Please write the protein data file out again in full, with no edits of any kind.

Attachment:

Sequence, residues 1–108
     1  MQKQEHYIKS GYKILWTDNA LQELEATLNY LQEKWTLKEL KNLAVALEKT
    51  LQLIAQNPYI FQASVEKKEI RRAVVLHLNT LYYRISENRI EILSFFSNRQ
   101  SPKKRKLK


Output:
Sequence, residues 1–108
     1  MQKQEHYIKS GYKILWTDNA LQELEATLNY LQEKWTLKEL KNLAVALEKT
    51  LQLIAQNPYI FQASVEKKEI RRAVVLHLNT LYYRISENRI EILSFFSNRQ
   101  SPKKRKLK